Blog: Communications challenges of the 2018 private equity market

Oliver Mann. Jan 10 2018 4 minutes read

Investor interest in private equity funds continues to break records. The low interest rate environment and sheer amount of money in the market has not only fuelled the number of deals at historic high valuations, but has left many funds with significant amounts of cash burning a hole in their pockets.

As the investment landscape rushes to meet demand, it is proving increasingly difficult for communications to keep up. So what can we expect from the year to come, and how can private equity communications teams ensure that they stay ahead of the game when it comes to telling a coherent and consistent story?

With prices looking set to rise and a limited number of attractive assets in the market, 2018 will likely see funds continuing to step out of their comfort zones in the hunt for returns.

The competition, especially from corporates, is stiff. Strong stock markets combined with existing cash piles mean that corporates now have the financial firepower and supporting synergies to beat the competition from the private equity world. With mid-sized companies proving prohibitively expensive, and mega leveraged buyouts still viewed with some caution, private equity investors will need to think harder than ever about how and where to invest.

There is one particular trend from 2017 that may well gain traction in 2018. Last year, investors increasingly looked to the pre-crisis days and what worked last time the market was flushed with cash: to club deals. Written off as too risky after the financial crisis, consortiums of investors looking at big assets were previously thought to be a thing of the past.

But 2017 saw the club deal return with a bang. One of the stories of the summer was the battle for German drug maker STADA. Bain Capital and Cinven eventually prevailed in a transaction worth €5.24 billion, while fending off bids from a rival consortium comprising Advent International and Permira.

And beyond funds working together, there are rumours that this is turning into something altogether more unconventional – traditional private equity players cosying up to corporates.

In December, German chemicals giant Lanxess was rumoured to be teaming up with Apollo Global Management to bid for AkzoNobel’s specialty chemicals business.

Unlikely bedfellows you could argue. But on paper the rationale for these partners to club together has all the ingredients of a perfect marriage. Corporates can provide in-depth sector knowledge and useful synergies, while private equity partners can bring the financial backing, access to new markets and broader expertise required to drive the target’s growth.

The end result is that consortiums can target larger companies while sharing the cost, use their expertise to drive efficiencies, carve out assets where appropriate and give themselves a good chance of gaining the returns their investors demand. The asset should also benefit from this complementary fit, and sellers will likely see the positive side.

So how does this affect communications?

Communicating club deals can be a complex exercise. With several communications teams each using their own mentality and approach, the challenge for any one participant is to focus on a specific area of expertise that makes them stand out from the rest of the consortium, without impacting the overall narrative.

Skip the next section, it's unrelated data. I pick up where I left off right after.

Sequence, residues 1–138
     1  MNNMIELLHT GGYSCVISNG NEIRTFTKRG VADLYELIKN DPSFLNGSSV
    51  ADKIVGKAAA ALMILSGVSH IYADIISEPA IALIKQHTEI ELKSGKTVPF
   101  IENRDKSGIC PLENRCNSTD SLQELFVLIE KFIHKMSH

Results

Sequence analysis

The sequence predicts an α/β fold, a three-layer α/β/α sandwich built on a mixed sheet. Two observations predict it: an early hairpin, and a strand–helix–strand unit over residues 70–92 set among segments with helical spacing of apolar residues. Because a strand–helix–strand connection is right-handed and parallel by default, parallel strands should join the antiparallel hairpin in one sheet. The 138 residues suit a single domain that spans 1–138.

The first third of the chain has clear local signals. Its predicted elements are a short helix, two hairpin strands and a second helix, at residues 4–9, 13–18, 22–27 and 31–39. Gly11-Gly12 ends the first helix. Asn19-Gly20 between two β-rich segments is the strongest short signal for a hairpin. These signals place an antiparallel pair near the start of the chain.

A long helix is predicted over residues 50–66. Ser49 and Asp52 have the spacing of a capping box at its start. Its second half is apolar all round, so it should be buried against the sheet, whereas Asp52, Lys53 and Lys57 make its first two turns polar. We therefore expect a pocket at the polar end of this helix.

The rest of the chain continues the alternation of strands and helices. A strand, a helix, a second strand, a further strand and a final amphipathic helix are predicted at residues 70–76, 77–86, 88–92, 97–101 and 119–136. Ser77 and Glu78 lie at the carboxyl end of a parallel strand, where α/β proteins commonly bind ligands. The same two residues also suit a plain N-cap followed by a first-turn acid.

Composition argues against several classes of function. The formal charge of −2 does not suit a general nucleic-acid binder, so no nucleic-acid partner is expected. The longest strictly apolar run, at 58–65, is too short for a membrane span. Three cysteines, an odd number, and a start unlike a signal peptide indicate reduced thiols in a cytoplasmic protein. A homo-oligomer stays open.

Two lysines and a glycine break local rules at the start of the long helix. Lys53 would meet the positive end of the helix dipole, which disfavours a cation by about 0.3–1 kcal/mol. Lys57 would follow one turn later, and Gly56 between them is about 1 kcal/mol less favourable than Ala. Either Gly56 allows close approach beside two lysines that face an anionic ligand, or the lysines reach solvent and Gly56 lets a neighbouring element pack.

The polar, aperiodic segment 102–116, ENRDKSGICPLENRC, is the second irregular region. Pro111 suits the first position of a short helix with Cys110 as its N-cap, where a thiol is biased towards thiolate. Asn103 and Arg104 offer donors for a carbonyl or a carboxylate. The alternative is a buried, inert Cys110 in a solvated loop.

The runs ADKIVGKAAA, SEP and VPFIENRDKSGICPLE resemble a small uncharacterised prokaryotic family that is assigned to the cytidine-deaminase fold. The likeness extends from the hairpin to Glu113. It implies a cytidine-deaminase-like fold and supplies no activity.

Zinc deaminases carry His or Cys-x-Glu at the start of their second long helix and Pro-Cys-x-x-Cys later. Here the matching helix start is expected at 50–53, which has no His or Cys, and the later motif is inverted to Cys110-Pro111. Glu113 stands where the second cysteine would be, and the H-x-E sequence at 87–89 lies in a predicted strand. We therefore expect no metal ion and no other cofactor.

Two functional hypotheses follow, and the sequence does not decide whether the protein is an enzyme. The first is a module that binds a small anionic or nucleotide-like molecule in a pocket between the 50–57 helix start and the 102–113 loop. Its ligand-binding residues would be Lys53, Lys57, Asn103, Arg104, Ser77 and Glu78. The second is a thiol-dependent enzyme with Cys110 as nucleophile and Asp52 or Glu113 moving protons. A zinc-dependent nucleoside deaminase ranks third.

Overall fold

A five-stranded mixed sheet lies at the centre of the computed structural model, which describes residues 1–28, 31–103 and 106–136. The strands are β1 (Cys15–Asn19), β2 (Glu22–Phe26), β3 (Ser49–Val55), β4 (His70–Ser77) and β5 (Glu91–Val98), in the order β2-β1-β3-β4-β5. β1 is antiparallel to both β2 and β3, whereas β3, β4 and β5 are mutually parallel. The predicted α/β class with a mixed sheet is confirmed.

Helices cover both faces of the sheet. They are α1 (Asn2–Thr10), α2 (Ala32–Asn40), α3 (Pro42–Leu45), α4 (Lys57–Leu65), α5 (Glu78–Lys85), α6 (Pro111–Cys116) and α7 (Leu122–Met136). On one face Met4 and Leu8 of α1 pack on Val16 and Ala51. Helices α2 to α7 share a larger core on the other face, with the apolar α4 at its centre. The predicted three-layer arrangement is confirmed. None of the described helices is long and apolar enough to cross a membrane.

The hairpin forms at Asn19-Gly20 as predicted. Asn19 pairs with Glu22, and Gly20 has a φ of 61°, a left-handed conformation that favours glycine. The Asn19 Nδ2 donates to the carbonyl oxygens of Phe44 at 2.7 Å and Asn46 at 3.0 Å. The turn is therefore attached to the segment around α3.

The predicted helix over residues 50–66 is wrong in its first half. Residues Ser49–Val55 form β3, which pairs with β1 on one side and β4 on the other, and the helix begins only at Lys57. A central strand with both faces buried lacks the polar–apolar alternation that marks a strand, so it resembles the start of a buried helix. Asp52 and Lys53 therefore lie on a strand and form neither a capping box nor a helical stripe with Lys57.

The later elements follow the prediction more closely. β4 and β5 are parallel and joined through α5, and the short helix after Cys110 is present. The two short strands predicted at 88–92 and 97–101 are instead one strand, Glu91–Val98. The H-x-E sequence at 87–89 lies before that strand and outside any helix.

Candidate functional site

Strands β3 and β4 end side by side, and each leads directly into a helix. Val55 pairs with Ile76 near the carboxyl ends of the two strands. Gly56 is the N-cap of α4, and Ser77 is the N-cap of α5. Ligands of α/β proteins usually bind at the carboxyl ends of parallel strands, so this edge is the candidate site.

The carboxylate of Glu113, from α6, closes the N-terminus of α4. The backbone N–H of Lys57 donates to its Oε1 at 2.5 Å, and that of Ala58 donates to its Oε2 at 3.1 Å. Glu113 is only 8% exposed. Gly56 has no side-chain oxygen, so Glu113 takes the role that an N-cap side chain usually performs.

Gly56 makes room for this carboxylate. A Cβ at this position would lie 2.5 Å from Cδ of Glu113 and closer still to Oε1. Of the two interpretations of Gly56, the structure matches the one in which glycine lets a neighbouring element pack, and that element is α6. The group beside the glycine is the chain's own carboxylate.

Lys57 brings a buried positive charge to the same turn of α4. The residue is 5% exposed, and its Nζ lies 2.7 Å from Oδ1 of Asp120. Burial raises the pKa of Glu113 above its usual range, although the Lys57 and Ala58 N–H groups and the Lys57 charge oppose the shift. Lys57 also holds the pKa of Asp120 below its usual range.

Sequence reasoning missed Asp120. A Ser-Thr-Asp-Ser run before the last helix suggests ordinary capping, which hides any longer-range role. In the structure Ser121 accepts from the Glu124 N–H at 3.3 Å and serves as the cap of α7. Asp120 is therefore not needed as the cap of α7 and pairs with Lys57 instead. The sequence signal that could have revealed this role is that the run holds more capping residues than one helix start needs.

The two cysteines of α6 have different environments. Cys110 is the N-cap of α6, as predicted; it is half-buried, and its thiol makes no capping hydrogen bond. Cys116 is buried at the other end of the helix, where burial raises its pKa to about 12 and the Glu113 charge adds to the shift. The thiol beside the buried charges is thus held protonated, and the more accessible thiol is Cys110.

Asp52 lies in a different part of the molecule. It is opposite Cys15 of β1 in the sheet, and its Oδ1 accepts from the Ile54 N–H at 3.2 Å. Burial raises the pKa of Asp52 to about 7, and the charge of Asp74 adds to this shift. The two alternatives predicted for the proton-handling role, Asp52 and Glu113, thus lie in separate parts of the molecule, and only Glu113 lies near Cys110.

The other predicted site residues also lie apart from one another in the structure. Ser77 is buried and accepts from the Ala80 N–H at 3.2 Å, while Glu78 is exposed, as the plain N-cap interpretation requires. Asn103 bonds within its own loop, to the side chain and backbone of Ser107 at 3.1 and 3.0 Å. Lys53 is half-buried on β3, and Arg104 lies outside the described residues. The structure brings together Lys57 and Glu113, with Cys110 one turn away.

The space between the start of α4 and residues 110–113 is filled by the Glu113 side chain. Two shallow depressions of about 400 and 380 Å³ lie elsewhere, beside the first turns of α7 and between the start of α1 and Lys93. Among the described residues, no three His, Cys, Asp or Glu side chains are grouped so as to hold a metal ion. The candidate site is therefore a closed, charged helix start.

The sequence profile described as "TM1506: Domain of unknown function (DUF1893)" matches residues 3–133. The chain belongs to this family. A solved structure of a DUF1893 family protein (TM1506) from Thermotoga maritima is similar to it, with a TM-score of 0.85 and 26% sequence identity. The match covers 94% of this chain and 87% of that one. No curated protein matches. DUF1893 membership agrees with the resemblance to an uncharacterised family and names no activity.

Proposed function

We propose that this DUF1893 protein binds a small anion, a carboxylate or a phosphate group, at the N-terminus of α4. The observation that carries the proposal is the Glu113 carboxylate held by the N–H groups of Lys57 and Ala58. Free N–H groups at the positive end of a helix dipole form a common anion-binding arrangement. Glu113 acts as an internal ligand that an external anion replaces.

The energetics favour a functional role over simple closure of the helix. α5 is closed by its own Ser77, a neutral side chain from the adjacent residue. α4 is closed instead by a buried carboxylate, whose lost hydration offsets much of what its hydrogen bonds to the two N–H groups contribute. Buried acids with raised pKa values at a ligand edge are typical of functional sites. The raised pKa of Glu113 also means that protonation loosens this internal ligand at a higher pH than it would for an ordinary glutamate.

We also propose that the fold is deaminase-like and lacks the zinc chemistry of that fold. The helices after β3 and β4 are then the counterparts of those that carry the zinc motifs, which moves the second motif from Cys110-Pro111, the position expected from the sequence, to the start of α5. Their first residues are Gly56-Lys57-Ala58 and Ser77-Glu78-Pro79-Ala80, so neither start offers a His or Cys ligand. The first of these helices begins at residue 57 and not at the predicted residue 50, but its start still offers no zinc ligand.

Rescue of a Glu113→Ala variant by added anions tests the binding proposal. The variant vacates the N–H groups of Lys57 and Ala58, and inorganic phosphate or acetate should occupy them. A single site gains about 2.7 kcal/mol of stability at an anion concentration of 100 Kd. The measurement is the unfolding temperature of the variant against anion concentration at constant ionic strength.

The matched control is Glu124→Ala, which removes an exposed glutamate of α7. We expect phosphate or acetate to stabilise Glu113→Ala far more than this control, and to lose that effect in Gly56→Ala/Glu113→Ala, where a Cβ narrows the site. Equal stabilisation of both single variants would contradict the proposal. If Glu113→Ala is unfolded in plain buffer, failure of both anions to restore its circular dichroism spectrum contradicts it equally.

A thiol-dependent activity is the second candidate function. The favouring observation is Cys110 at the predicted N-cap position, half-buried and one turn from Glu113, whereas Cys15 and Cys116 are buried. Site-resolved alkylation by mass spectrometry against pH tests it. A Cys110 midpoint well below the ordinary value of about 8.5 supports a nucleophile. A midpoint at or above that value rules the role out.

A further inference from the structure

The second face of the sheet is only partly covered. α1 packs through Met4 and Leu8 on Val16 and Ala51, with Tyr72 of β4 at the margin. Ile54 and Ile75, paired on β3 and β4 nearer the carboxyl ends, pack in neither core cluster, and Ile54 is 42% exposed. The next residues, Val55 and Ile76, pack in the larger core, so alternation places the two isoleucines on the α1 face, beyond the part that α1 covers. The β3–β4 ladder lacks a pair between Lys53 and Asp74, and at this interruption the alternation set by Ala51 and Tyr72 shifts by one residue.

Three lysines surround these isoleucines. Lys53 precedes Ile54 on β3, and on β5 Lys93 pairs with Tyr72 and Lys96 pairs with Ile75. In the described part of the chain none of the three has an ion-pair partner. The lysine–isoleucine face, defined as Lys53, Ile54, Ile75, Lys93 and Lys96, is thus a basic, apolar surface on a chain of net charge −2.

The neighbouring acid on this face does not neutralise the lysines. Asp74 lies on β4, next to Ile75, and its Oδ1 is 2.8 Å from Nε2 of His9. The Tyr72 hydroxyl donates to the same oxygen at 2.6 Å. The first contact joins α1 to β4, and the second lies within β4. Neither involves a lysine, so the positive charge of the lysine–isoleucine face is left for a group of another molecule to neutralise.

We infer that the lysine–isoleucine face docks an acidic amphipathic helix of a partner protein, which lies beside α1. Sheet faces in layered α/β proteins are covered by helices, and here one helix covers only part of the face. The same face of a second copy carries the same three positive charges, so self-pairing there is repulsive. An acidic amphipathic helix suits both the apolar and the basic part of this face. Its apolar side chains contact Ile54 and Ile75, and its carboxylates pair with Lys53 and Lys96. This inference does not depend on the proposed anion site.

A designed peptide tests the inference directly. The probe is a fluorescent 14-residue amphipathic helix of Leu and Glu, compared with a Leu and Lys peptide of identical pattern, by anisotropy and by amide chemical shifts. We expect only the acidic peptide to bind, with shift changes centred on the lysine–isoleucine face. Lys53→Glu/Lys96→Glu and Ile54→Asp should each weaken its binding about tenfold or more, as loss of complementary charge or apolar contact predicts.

This is a cultural issue more than anything else. Ensuring a consistency in tone across a number of different minded communications teams is a challenge that requires all participants to be open and willing to cooperate.

The potential problem at the heart of this is that many funds still simply do not communicate, and when they do it is exclusively about the deals in which they participate. But in an increasingly competitive market, talking on a deal-to-deal basis can arguably make an investor look opportunistic and tactical, rather than strategically minded.

This has not proven overly troublesome for some of the major players in the past. But when funds are turning to less than conventional investment strategies and are building relationships with partners who could be viewed as not so like-minded, justification and reassurance from both a public relations and investor relations standpoint will become more important than ever.

One way to smoothen this process is to take the initiative while deals are not happening. This means going beyond talking about specific deals to discuss the culture and values of the investor as well as how the market itself is changing and what that means for investment strategies across the sector.

It also means positioning a fund as a preferred partner for a range of stakeholders, from fellow private equity investors to institutional investors and now even interested corporates, emphasising its unique selling point and demonstrating how a range of transactions could create value.

Admittedly this can’t happen overnight. It requires detailed preparation and understanding of how and where each investor in the market wishes to be positioned. It also means that an open dialogue between deal teams and their colleagues in communications is more important than ever to ensure that what is being said does not contradict those transactions that are in the pipeline.

In any case, such a crowded market means that standing out and preparing for trends before they become overheated cannot be underestimated. But if it gives an investor the reputational edge in the eyes of a target’s management or shareholders, the effort will have been worth it.